Programmatic needs to keep working on the me's before people are ready for the we's.
General consumer: "I'm being targeted on my computer.This is my cell phone. These are my Hulu and YouTube accounts. This is my Pandora station. I've become more and more okay with being targeted here. But if I'm targeted on our radio? Or by that billboard we all share? Slow down there, partner."
As programmatic technologies step out of the me zones into the we zones, it might lead to some people wigging out.
After the recent Digital Place-based Advertising Association conference in New York, MediaPost's Steve McClellan called place-based media "ubiquitous." He wrote, "You see it in health clubs, food courts, airports, gas stations and many other out-of-home locations across the country. But according to agency executives, the challenges to growing ad sales revenue for the sector are numerous."
Per a new ScreenMedia report -- "Programmatic Buying and Digital Place-based Media" -- that's partly because "the medium is simply too difficult to plan and buy." But could programmatic media-buying technologies help solve some of its challenges? That's the question the report explores.
Joe Esposito, vice president of product and operation at Spafax Networks, WPP's digital-out-of-home ad network for programmatic trading, is quoted in the report as saying, "Most people don't even know that the technology is here, so we have to go out and advocate and educate about video everywhere." He added, "All of these things will only advance when everyone realizes what's really possible in this space."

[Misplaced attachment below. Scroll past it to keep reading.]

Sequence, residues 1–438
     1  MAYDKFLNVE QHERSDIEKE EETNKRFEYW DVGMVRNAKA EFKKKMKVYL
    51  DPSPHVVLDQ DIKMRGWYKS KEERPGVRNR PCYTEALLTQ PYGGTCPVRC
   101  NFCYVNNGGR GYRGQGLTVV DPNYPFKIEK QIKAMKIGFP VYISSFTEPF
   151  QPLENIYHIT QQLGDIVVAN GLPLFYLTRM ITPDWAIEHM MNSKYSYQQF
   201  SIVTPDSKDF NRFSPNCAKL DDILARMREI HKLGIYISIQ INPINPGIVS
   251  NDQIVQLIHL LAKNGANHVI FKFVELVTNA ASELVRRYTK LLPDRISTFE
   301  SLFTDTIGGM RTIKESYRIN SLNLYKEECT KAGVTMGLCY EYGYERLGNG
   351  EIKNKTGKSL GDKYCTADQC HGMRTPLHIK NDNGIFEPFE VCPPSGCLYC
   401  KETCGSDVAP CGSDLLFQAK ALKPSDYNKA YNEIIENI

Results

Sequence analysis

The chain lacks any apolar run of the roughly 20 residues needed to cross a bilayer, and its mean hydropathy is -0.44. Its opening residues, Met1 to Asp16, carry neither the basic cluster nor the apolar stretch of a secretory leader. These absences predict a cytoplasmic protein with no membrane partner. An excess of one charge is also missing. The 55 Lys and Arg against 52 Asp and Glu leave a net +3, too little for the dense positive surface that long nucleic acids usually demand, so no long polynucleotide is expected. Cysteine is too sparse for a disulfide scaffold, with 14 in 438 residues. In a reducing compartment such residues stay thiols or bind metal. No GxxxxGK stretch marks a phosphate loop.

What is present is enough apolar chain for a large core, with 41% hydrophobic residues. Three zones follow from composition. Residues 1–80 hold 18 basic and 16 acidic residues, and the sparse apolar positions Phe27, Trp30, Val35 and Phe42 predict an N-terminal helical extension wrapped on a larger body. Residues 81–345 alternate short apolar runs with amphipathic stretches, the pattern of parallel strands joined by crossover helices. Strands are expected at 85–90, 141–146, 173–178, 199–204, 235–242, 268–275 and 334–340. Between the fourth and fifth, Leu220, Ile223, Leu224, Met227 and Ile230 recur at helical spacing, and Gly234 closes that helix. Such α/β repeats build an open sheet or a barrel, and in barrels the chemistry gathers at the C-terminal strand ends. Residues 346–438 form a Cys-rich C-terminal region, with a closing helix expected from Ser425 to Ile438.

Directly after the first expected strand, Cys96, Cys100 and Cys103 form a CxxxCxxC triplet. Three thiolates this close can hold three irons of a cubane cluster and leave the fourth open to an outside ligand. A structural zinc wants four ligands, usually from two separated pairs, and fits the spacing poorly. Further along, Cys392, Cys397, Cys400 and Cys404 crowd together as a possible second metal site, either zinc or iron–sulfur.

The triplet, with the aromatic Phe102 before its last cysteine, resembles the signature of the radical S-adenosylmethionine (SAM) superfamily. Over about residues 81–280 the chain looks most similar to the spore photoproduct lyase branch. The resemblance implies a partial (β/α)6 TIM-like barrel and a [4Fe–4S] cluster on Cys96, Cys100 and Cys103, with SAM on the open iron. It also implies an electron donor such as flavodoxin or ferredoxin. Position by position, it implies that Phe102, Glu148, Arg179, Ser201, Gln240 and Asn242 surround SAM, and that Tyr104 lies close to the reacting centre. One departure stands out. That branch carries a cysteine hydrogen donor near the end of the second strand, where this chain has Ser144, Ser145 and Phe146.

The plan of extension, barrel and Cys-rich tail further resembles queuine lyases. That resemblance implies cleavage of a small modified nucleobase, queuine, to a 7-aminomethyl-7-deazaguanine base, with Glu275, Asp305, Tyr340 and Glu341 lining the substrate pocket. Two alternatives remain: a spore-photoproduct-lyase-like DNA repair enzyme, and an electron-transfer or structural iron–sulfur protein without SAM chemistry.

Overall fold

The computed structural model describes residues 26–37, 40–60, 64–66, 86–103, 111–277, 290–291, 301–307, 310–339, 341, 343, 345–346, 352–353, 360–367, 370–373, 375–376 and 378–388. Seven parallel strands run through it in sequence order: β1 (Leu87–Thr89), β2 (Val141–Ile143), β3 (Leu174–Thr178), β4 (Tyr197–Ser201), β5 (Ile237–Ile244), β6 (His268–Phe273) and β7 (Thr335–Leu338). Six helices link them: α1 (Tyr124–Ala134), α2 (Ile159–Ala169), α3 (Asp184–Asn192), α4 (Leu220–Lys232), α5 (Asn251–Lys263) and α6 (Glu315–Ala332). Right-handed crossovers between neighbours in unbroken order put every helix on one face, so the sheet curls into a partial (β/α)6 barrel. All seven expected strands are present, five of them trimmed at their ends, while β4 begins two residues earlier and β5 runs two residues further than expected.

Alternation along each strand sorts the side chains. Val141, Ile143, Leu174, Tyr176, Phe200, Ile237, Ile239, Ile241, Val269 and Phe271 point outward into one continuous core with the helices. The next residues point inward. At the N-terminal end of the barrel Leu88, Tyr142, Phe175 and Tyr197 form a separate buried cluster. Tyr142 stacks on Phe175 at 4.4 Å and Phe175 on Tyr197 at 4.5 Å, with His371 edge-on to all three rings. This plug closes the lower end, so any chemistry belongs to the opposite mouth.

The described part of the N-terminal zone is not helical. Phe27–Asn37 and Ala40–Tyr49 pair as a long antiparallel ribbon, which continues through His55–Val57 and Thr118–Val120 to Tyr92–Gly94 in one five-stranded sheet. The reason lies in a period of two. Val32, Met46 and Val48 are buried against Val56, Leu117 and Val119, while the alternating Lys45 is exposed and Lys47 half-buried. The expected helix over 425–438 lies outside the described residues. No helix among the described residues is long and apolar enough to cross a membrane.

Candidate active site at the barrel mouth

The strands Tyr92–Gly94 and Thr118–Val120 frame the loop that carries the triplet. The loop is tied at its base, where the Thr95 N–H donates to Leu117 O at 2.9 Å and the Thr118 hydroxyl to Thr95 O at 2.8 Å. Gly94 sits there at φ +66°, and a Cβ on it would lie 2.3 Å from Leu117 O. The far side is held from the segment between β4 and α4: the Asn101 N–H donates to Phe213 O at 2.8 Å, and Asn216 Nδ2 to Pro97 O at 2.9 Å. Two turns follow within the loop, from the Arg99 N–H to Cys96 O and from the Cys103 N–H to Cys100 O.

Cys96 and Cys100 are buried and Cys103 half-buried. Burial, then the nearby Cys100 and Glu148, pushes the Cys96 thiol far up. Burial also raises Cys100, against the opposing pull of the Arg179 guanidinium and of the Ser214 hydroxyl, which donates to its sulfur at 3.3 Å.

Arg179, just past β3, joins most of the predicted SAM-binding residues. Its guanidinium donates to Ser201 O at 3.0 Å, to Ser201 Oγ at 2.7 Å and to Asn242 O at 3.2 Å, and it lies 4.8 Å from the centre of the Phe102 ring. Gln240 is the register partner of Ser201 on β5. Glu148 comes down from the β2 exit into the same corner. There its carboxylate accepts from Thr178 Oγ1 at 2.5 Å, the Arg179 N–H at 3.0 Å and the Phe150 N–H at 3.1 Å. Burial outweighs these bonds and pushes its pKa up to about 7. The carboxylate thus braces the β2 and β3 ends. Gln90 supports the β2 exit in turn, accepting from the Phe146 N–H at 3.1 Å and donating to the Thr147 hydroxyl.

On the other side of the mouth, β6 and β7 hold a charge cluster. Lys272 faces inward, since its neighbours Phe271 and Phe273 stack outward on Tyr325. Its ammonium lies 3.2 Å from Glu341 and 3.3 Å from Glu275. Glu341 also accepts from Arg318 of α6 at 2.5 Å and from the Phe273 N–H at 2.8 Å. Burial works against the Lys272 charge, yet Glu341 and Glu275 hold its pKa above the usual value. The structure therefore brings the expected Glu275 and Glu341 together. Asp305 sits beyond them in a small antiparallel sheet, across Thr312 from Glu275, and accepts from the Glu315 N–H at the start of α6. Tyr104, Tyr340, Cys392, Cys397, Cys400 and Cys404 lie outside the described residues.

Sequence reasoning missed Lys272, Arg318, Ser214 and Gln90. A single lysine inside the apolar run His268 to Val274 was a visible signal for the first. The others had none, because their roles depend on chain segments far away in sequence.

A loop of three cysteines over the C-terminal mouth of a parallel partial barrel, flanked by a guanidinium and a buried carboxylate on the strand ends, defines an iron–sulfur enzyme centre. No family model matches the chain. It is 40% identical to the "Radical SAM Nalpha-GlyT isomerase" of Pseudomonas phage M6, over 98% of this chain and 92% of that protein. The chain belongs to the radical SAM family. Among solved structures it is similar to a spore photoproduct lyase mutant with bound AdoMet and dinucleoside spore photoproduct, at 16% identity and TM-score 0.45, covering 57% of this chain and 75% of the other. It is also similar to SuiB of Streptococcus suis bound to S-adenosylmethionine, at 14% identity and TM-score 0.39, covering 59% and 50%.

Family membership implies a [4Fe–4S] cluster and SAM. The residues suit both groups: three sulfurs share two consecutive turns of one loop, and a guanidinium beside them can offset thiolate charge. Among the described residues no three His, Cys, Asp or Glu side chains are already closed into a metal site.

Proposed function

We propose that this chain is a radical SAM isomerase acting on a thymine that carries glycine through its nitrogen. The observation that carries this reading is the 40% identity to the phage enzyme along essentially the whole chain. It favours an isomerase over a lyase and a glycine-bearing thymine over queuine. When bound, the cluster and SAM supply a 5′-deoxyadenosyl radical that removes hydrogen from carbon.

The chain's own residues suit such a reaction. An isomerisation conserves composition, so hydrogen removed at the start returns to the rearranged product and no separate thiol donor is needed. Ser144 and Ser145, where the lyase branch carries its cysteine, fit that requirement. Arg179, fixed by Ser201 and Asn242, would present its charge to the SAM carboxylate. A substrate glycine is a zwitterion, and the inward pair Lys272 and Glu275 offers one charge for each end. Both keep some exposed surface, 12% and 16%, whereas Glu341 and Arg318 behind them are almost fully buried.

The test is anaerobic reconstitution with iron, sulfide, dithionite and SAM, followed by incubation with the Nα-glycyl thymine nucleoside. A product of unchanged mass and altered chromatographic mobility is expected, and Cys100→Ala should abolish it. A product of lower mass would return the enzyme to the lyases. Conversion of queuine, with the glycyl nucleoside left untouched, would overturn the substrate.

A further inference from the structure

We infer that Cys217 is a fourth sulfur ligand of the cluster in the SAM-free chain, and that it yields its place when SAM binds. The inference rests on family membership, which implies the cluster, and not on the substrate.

My take is that programmatic needs to spend a bit more time finding its footing in online display, mobile and video before it can truly take hold in the more futuristic spaces, like digital place-based media or location-based mobile.
I call those mediums more futuristic not because they are so far down the road -- after all, Esposito said the technology is already here -- but because using programmatic technologies in those areas will lead to a transformation of our world. Minority Report style.
That, ultimately, is where I think real-time media is taking us; it's all about reaching the "Always On" consumer. But when you think about it, people have been "Always On" since, well, always. It's only just recently that the technology has existed to make them "Always Available."
That takes us back to my theory that programmatic trading needs to keep focusing on display, mobile and video before it moves outside (literally) in any significant way.
I would say people understand they are "Always On," but they are still getting used to the fact they are "Always Available." And if they are like me, they want to be "Always
Available*," with the * meaning "on my own terms."
"Global Grid" photo from Shutterstock.
The report, Programmatic Buying and Digital Place-based Media, is aimed at CMOs, media strategists, and digital out-of-home operators, and provides insight into how programmatic buying solutions can help make the medium easier to transact.
Programmatic Buying and Digital Place-based Media is available as a free download here: